« Steve Baric Gaining Steam... | Main | Raymond Chandler Quote of the Week: Sept. 16 - 22, 2007 »

September 19, 2007



I once had the pleasure of staying in Lerach's penthouse ski home in Steamboat Springs (as the guest of one of the associate attorneys in his firm.) Six bedrooms, seven bathrooms - class action work buys a lot of chalet. I enjoyed drinking as much of his single-malt scotch as I possibly could.

Ralph Adamo

Mr. Devore's delight in the recent Lerach plea bargain says much about Mr. Devore, and it isn't very good. He says that back in 1995, he helped write “The Private Securities Litigation Reform Act.” He claims erroneously that "This act was aimed at reducing the abuse of the federal court system by lawyers like Lerach and had the distinction of being the first law enacted over President Clinton’s veto."

The PSLRA was nothing of the sort. Yes it was intended to reduce the number of lawsuits, but it was specifically done to make it EASIER for corporations to commit fraud and to get away with it. In fact, the PSLRA goes down in history as one of the most important factors in making the Enron fraud, the WorldCom fraud, and countless others possible. Had there been no PSLRA as an incentive to commit fraud, the fraud would have been caught sooner and stopped dead. Mr. Devore is either in denial or he is simply a corporate shill, who exists to protect the interests of corporate crime.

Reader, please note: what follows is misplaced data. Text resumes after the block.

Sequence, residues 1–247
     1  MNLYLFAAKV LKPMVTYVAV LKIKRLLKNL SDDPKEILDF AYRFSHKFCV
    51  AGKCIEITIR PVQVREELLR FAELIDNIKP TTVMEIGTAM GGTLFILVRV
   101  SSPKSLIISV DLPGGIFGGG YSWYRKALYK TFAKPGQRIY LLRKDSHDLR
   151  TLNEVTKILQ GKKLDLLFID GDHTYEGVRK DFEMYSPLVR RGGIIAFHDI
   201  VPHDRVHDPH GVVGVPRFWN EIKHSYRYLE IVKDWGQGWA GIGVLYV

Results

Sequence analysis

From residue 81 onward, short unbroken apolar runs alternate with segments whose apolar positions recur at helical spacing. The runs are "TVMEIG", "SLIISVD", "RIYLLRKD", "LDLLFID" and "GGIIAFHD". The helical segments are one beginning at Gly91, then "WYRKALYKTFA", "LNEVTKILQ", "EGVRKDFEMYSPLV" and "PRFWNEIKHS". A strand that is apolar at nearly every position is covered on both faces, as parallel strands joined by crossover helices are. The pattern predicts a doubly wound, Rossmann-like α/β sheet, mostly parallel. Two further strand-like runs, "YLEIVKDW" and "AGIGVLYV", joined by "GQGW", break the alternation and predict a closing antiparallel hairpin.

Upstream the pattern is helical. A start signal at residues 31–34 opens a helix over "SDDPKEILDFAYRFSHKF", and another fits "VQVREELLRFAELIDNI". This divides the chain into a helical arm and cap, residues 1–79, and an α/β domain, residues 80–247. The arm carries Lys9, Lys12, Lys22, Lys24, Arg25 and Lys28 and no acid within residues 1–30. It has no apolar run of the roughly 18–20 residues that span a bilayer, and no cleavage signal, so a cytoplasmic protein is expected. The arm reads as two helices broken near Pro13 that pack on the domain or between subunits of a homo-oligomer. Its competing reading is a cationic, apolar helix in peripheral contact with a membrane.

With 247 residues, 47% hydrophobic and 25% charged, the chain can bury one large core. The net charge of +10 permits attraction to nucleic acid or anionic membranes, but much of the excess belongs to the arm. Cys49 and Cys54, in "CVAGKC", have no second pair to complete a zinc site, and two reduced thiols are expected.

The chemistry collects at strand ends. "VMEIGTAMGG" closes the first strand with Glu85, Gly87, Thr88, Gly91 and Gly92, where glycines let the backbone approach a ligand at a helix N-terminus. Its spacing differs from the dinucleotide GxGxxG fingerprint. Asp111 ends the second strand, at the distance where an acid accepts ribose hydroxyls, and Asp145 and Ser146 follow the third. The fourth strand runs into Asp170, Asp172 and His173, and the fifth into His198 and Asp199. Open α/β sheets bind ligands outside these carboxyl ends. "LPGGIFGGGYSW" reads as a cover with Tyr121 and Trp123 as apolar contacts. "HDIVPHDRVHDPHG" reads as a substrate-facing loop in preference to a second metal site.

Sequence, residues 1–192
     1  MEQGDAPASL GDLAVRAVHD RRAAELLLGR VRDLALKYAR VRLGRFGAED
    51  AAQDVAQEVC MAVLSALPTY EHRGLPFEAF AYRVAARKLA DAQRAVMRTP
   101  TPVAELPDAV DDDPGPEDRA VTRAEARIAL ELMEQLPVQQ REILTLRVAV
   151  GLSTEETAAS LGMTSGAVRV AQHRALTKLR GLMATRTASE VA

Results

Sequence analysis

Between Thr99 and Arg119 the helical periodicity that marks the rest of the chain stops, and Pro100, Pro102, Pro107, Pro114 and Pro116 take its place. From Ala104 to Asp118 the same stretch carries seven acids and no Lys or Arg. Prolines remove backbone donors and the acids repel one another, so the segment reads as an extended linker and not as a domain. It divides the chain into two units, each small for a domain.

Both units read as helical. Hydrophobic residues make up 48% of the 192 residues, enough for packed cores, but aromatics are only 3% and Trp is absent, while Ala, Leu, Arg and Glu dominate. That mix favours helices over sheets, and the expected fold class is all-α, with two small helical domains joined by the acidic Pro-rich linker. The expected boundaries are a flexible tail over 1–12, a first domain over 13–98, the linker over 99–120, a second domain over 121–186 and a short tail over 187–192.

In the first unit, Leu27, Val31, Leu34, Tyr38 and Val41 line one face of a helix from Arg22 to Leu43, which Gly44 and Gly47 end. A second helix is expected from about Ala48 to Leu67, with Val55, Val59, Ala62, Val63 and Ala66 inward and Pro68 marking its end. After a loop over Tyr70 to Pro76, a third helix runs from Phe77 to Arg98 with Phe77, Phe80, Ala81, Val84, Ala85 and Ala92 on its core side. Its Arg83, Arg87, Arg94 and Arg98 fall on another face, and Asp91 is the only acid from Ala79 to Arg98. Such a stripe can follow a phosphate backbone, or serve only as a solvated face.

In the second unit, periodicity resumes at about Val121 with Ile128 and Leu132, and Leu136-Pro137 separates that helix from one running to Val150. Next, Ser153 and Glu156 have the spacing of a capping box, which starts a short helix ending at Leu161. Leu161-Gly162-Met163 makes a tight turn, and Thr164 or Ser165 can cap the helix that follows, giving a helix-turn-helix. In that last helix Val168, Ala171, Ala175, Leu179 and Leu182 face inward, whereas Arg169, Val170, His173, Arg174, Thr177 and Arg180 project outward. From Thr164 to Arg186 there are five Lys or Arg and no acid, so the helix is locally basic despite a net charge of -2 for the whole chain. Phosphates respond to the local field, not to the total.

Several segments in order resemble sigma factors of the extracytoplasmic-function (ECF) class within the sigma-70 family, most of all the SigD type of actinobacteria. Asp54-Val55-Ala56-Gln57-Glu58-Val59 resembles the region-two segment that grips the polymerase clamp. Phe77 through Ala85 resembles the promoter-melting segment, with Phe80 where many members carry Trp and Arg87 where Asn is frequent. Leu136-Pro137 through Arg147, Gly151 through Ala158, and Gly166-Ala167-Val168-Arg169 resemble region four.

It is a fact, for example, that Millberg's case against WorldCom was originally tossed out, based on......you guessed it, the PSLRA. Meanwhile the fraud at WorldCom went ahead full steam, along with many others. When the situation reached a crisis point and the damages went into the billions upon billions of dollars, the SEC finally decided to take a look. And where did they go to start their investigation? The SEC used the Millberg-Lerach complaint--a literal blueprint of the WorldCom crimes.

So instead of cheering for Mr. Lerach's downfall, Mr. Devore should be holding his head in shame for his role in making some a massive series of frauds possible. Congratulations, Mr. Devore.

The comments to this entry are closed.